By Angie Wynne
Historic Oakland Foundation and the City of Atlanta held a groundbreaking ceremony on Tuesday, November 30 for the rehabilitation of Oakland Cemetery’s iconic 1899 Bell Tower building. The ceremony took place at the Oakland Bell Tower inside Oakland Cemetery at 248 Oakland Avenue.
City of Atlanta Mayor Keisha Lance Bottoms presided over the groundbreaking ceremony. City of Atlanta Parks Commissioner John Dargle, Chair and President of The Imlay Foundation Mary Ellen Imlay, President and CEO of Invest Atlanta Dr. Eloisa Klementich, and Historic Oakland Foundation Executive Director Dr. Richard Harker delivered remarks before the ceremony.
“The Oakland Bell Tower is the jewel in Oakland’s crown, and The Imlay Foundation is honored to support a rehabilitation of this special building that will not only stabilize this unique historic building but also make it more accessible to the public,” said Mrs. Mary Ellen Imlay, Chair and President of The Imlay Foundation, the Bell Tower rehabilitation’s lead supporter. “We are proud to support Historic Oakland Foundation as it works to preserve this special place and share Oakland Cemetery with more and more visitors in creative and sensitive ways.”
Oakland Cemetery, listed on the National Register of Historic Places, was founded in 1850 as a municipal cemetery. It became a City of Atlanta park in 1932. Since 1976, Historic Oakland Foundation has had the pleasure of caring for Oakland in partnership with the City of Atlanta, taking the lead on preserving and restoring Oakland’s historic 48 acres and sharing the cemetery with the public via dozens of special events each year. The Victorian garden cemetery is a major cultural attraction, welcoming more than 100,000 visitors through its gates annually.
Oakland’s Bell Tower building is the most recognizable building on Oakland’s grounds. The Romanesque Revival building, built in 1899 as the office for the cemetery’s sexton, is an excellent example of high architecture in the Victorian period. Today, this 2,800 square-foot structure continues as the sexton’s office and also houses the Foundation’s offices, meeting space, archives, gift shop, and storage, as well as the cemetery’s records, visitor center, and public restrooms. Space is tight, and the historic building is suffering from overuse.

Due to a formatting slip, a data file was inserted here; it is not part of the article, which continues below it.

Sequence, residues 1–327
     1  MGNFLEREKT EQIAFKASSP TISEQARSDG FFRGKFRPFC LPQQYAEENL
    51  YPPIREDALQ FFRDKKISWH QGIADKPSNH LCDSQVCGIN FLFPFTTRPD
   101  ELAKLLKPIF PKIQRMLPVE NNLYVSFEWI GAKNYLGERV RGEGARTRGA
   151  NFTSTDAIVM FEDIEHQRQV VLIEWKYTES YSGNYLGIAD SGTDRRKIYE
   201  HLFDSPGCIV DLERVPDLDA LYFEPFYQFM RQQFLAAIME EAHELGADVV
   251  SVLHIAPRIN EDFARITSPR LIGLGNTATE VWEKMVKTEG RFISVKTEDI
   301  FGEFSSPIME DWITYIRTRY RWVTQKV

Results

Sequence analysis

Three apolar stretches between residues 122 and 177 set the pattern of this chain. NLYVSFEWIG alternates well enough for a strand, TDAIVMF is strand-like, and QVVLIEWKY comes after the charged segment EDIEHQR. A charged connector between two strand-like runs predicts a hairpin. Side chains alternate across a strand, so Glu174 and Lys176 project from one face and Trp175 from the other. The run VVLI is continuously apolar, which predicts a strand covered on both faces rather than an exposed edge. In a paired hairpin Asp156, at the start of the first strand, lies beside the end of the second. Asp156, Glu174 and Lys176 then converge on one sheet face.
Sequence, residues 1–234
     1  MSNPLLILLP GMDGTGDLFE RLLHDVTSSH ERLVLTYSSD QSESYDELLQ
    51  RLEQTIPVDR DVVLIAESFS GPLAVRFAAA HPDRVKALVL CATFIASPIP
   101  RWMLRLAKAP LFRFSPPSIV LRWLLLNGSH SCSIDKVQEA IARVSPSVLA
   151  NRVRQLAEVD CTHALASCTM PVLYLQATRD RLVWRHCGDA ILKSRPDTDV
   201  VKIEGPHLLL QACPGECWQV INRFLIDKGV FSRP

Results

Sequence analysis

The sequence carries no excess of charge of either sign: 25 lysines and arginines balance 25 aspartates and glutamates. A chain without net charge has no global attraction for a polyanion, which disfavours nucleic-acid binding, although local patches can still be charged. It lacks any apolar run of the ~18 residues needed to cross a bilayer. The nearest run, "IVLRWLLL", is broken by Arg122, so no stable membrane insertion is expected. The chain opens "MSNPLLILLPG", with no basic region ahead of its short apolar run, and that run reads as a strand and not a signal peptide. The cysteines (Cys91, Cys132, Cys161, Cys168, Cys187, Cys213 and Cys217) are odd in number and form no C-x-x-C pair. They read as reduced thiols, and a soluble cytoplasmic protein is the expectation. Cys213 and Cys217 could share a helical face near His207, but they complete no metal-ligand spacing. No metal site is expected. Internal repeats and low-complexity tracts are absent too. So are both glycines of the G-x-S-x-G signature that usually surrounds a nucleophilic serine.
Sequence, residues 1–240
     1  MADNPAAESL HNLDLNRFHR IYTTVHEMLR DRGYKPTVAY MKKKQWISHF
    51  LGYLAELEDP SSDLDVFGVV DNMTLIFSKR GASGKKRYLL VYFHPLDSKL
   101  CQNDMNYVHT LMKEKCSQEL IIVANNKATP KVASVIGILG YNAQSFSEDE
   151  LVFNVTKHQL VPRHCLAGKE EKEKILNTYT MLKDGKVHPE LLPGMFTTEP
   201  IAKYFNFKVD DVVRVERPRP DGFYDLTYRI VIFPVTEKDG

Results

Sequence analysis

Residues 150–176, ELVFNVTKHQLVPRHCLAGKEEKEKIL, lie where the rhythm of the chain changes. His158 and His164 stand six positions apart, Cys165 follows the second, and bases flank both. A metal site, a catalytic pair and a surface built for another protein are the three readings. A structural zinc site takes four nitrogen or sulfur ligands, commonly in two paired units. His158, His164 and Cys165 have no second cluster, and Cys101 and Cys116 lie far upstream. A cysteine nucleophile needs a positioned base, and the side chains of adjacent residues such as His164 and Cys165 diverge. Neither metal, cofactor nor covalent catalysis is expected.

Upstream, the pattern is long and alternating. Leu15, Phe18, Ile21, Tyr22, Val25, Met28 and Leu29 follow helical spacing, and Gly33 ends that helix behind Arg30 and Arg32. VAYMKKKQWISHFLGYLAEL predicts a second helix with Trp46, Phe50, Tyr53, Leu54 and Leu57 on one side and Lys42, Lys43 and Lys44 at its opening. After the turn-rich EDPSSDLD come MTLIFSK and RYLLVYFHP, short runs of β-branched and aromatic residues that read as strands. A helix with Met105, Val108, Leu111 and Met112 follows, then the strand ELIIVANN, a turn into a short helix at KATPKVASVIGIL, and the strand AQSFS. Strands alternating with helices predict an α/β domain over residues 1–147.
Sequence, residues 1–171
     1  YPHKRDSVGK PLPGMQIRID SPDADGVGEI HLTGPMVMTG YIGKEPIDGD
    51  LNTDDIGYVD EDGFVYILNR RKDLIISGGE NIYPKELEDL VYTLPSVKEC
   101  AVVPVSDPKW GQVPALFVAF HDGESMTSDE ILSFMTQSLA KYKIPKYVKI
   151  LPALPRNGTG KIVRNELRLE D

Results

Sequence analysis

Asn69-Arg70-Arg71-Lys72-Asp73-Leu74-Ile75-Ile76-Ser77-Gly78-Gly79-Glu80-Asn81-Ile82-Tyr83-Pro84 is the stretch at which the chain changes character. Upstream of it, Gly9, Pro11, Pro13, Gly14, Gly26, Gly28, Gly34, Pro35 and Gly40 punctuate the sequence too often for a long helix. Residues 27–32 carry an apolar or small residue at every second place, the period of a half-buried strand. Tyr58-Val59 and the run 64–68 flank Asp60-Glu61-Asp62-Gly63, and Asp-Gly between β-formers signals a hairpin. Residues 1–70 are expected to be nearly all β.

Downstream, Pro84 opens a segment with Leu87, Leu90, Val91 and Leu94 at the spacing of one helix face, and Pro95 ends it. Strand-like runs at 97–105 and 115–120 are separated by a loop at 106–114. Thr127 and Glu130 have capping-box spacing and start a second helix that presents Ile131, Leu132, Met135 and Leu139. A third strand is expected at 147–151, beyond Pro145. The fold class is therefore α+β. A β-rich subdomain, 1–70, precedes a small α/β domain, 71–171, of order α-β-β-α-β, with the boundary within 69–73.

The rehabilitation of the building by Smith-Dalia Architects is expected to start in December 2021 and will transform the Oakland Bell Tower into a flexible event, exhibit, classroom, and meeting space that will be more accessible to the public. Work will open up the first and second floors and will focus on masonry repair, window restoration, new roofing, updated plumbing, electrical, and mechanical services. An elevator will be added for greater accessibility. The project is expected to be completed in 2022. After the rehabilitation, the Oakland Bell Tower will better serve the public as an interpretive space as well as an event and meeting space.
“Oakland Cemetery is undoubtedly one of Atlanta’s most unique greenspaces. It has been an honor for the City to work with HOF to bring to life this next chapter for these hallowed grounds,” said City of Atlanta Commissioner of Parks and Recreation John Dargle. “We are thrilled that Oakland is expanding its capacity to engage the community through this campaign and look forward to more innovative programming to come.”
The upcoming Bell Tower rehabilitation is made possible by funds raised through Historic Oakland Foundation’s $12.5 million Living History Capital Campaign. The Living History campaign will double the rate of restoration and triple the rate of investment in the cemetery over the next three years, commemorating Oakland’s past and ensuring its future. To learn more about the Living History Capital Campaign, visit oaklandcemetery.com/capital-campaign.
“Oakland Cemetery is a cultural and historic gem and a treasure for all Atlantans,” said Dr. Harker, “The Living History campaign, our most exciting and significant effort to date, will expand our ability to care for this special place and share it in new and deeper ways with all Atlantans.”
The Oakland Bell Tower rehabilitation would not be possible without the support of the City of Atlanta Parks Department, The Imlay Foundation, Cemetery Sexton Sam Reed, Invest Atlanta, and the Atlanta Urban Design Commission.
About Historic Oakland Cemetery: Founded in 1850, Atlanta’s Oakland Cemetery spans 48 acres of gardens, wildlife, and sculpture. Oakland is the final resting place for 70,000 people, including author Margaret Mitchell, 27 Atlanta mayors, six former governors, and thousands of unmarked graves. Oakland Cemetery offers critical green space for recreation and serves as a cultural resource for lifelong learners who come to study history, art, architecture, archaeology, horticulture, photography, and more. Working in partnership with the City of Atlanta, Historic Oakland Foundation works to preserve, restore, enhance and share Oakland Cemetery. Oakland Cemetery is open free of charge to the public 365 days a year. (Special fees for tours and events). Visit www.oaklandcemetery.com for more details.